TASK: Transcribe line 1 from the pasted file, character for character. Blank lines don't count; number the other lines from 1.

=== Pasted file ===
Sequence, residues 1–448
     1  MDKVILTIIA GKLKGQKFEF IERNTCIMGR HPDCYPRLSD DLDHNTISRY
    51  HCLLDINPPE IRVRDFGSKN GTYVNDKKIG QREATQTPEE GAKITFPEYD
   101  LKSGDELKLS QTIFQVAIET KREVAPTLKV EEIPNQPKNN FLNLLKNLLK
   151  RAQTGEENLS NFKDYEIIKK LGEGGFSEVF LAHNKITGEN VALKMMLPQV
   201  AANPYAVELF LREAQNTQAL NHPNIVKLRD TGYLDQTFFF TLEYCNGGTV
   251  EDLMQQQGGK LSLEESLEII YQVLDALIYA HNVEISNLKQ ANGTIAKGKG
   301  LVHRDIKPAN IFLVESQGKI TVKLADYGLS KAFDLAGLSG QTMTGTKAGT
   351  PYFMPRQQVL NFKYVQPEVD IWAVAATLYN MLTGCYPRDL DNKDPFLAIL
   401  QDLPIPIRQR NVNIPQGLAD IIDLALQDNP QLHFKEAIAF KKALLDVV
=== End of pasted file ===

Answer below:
Sequence, residues 1–448